Back to All Events

The Birds and the Parasitic Wasps

  • Ryan's Daughter 350 East 85th Street New York, NY, 10028 United States (map)

Join taste of science as we dive into a non-traditional interpretation of the birds and the bees! We will be exploring how communication evolves between baby birds and their parents and digging into how parasitic wasps take over their hosts’ bodies.

This event is 21+

Dr. Shana Caro, Simons Foundation Junior Fellow, based at Columbia University Department of Ecology, Evolution and Environmental Biology   Is a baby bird trustworthy? And why should we care? I'll be exploring how honest communication can evolve between individuals with conflicting interests, like baby birds and their parents.

Dr. Shana Caro, Simons Foundation Junior Fellow, based at Columbia University Department of Ecology, Evolution and Environmental Biology

Is a baby bird trustworthy? And why should we care? I'll be exploring how honest communication can evolve between individuals with conflicting interests, like baby birds and their parents.

Dr. Carly Tribull, SUNY Farmingdale Department of Biology   Feasting on their host’s bodies, parasitoid wasps seem more like monsters out of science fiction than fairly common predators of the insect world. They have long fascinated entomologists and evolutionary biologists, and have captivated the public with both their gross-factor and usefulness in protecting our food crops from plant-eating pests. In this brief chat, learn about the diversity of these wasps and their hungry, hungry larvae (sorry, caterpillars). The presenter, Dr. Carly Tribull, is an entomologist at Farmingdale State College (SUNY), graduate of the American Museum of Natural History, and is a big fan of insects that make their business bursting out of other insects.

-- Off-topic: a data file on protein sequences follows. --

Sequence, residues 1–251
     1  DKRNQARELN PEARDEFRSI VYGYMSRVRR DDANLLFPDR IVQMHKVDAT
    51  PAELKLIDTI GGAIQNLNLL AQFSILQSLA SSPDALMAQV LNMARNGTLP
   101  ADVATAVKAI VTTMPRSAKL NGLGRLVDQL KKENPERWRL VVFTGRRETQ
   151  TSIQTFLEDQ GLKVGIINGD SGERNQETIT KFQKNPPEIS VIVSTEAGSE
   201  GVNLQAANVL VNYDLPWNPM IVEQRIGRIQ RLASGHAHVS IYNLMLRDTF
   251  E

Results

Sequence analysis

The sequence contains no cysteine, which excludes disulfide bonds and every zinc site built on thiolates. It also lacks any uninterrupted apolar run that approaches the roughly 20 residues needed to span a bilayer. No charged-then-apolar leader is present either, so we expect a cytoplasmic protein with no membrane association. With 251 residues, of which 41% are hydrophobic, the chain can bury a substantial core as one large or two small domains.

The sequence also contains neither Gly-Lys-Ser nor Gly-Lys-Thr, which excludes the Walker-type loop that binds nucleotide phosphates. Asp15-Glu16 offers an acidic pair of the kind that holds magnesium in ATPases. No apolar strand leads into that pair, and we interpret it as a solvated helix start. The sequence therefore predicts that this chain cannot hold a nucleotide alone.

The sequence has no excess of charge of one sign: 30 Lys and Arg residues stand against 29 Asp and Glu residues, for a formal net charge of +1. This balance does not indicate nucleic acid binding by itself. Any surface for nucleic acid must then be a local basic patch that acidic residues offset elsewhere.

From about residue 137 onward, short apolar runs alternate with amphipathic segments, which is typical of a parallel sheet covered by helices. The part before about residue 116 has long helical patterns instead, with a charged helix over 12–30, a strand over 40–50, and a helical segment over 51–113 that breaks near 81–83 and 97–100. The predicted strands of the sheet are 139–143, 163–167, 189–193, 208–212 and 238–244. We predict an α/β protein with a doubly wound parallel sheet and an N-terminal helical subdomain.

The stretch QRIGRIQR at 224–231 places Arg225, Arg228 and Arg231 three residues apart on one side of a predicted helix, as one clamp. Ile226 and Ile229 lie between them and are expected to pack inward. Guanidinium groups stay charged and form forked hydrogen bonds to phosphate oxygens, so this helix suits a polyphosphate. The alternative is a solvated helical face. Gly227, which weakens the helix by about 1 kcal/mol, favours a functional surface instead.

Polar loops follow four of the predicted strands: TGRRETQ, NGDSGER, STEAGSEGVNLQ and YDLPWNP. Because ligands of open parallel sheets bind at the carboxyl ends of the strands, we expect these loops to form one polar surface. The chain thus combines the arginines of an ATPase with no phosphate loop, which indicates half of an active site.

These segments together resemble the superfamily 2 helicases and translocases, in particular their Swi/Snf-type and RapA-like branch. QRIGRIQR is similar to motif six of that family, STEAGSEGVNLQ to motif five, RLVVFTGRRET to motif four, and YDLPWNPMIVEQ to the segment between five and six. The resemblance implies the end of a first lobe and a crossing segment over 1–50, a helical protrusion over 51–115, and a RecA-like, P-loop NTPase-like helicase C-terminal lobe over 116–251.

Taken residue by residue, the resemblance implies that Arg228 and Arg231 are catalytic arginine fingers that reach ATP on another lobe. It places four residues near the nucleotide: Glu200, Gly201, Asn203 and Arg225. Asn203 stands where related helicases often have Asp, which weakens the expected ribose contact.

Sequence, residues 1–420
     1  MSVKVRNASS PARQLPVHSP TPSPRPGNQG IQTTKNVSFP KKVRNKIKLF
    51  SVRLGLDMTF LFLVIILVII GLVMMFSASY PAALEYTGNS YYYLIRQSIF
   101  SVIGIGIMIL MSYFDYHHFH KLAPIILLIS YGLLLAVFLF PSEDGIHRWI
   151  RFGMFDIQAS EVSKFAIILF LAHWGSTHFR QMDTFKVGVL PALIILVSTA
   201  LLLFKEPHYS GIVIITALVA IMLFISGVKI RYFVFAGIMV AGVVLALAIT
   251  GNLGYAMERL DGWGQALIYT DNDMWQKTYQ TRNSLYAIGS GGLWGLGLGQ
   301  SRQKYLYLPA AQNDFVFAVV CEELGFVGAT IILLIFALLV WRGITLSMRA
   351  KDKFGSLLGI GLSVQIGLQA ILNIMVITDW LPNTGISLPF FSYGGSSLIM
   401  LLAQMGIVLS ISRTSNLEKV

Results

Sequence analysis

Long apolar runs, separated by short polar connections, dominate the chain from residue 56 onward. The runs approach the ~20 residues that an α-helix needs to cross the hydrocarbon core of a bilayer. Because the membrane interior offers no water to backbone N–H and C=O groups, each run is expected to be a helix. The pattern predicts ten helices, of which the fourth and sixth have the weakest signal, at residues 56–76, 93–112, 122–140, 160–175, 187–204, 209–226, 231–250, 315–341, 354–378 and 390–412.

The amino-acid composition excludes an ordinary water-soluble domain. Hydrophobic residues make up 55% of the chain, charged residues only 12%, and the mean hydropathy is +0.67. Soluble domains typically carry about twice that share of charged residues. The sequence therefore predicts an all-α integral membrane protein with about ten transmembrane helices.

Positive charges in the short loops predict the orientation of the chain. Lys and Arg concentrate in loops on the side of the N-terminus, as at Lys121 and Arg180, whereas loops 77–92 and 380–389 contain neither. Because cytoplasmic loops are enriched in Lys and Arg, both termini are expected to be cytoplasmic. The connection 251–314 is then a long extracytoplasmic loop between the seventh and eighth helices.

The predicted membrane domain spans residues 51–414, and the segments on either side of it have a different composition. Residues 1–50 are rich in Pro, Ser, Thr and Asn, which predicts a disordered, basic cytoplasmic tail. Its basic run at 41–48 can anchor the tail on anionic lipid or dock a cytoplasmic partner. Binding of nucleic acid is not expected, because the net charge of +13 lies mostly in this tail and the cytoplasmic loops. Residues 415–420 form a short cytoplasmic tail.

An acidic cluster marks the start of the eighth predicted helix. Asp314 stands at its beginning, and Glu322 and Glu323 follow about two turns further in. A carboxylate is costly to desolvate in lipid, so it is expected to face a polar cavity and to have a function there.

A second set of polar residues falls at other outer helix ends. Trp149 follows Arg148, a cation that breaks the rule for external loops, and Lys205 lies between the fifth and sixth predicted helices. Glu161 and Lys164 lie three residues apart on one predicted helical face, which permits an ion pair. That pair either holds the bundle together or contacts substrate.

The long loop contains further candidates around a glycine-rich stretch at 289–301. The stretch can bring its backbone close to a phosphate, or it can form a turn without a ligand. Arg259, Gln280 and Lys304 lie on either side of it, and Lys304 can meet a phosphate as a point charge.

Dr. Carly Tribull, SUNY Farmingdale Department of Biology

Feasting on their host’s bodies, parasitoid wasps seem more like monsters out of science fiction than fairly common predators of the insect world. They have long fascinated entomologists and evolutionary biologists, and have captivated the public with both their gross-factor and usefulness in protecting our food crops from plant-eating pests. In this brief chat, learn about the diversity of these wasps and their hungry, hungry larvae (sorry, caterpillars). The presenter, Dr. Carly Tribull, is an entomologist at Farmingdale State College (SUNY), graduate of the American Museum of Natural History, and is a big fan of insects that make their business bursting out of other insects.

Earlier Event: January 15
Big Human Data